Arranging rules into multiple rule sets is advantageous in that each rule set can be maintained and administered independently i.e. without interfering with other rule sets. Thus, by allocating a respective rule set, or sets, to respective organizations or sub-organizations, the likelihood of conflict amongst organizations/sub-organizations is greatly reduced. Further, as a result of using the hierarchical structure, only those rule sets that are relevant to the message at hand are applied by the rule set. This greatly reduces the processing power required to classify a message.
Preferably, the text analyzer includes the rule engine. More preferably, the classification module is arranged to instantiate a respective instance of the text analyzer for each rule set, each text analyzer instance being arranged to apply its respective rule set to the message content. Further preferably, each text analyzer instance is associated with a respective lexical analysis tool, such as a dictionary.
This allows each message to be analyzed using a dictionary of an appropriate language and so the benefits of lexical analysis are not lost on any message.
Preferably, the rule storage means comprises a plurality of rule files, each rule file containing a respective rule set. This facilitates independent administration and maintenance of each rule set.
The invention also provides a classification module for use in an electronic message processing system, as claimed in claim 8.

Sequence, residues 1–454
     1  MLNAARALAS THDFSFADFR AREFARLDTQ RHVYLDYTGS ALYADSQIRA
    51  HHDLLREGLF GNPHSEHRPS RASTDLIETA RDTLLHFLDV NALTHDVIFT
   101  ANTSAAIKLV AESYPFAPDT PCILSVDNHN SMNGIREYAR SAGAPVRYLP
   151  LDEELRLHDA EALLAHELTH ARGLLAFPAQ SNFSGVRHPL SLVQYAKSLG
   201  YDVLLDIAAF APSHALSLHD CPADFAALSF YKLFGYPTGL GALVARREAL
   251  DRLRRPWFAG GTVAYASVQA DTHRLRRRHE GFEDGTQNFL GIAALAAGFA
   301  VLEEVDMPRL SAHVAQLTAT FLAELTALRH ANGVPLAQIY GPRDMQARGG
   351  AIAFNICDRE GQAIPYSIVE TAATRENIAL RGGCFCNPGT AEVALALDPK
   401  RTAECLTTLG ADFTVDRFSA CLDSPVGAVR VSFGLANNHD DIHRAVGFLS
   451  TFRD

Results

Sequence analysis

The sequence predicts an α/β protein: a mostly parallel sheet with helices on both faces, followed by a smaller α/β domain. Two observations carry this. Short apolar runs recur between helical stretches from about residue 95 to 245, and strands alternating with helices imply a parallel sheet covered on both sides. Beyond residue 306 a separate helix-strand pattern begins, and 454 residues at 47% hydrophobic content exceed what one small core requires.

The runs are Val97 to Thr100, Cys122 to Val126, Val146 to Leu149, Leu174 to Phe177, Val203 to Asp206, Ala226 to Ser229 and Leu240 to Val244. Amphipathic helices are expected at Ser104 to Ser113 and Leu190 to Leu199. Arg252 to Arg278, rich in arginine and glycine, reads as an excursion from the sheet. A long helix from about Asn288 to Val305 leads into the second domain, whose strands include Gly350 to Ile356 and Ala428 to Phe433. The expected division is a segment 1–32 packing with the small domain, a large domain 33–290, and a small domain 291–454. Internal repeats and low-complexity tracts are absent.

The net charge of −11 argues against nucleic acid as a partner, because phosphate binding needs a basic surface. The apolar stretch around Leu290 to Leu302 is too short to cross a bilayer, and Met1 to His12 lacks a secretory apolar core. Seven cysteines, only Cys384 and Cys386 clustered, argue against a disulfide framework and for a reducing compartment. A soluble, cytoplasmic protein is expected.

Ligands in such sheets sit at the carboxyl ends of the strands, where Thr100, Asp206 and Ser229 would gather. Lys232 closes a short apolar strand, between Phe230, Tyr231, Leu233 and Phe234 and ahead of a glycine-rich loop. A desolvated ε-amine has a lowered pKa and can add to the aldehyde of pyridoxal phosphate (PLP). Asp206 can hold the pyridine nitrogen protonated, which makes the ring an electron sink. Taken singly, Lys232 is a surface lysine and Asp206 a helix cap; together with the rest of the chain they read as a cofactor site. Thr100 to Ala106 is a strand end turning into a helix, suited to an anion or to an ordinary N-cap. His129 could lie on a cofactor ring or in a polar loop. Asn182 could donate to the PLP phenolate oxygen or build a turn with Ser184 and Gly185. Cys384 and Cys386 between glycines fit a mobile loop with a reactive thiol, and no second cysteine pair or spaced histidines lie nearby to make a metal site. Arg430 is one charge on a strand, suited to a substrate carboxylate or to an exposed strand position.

The invention further provides a method of classifying an electronic message as claimed in claim 9.
The invention also provides an electronic mail (e-mail) processing system comprising the electronic message processing system of the invention. The invention further provides an SMS message processing system comprising the electronic message processing system of the invention.
An embodiment of the invention is now described by way of example and with reference to the accompanying drawings in which:
With reference to
The electronic messages 12 are transmitted across the communications network 10 in conventional manner using, for example, a mail server 20, Web server 22, servlet 24 and/or WAP (Wireless Application Protocol) gateway 26, as appropriate, and using conventional transmission protocols such as, WAP, HTTP (Hyper Text Transfer Protocol), SMTP (Simple Mail Transfer Protocol), POP (Post Office Protocol), or other suitable protocol. It will be understood that the invention is not limited to use with any particular transmission means or protocols.
The electronic messages 12 are received by a message processing system 18 which may reside, for example, on an organization's computer system (not shown) or an ASP's computer system (not shown). The message processing system 18 includes means for receiving electronic messages in conventional manner which, in the example of
In the example illustrated in
Web-page forms from the mobile network 16 are transmitted using a WAP protocol stack to the WAP gateway 26. The WAP gateway 26 converts the Web-page form into an HTTP request, which is then processed by the web server 22 and servlet 24 as described above. SMS messaging from the mobile network 16 is conveniently transmitted using WAP to the SMS receiver 30.
Thus, the e-mail receiver 28 and the SMS receiver 30 are arranged in conventional manner to support the appropriate transmission protocols which, in the example of
As described below with reference to
The communications network 10 of
Referring now to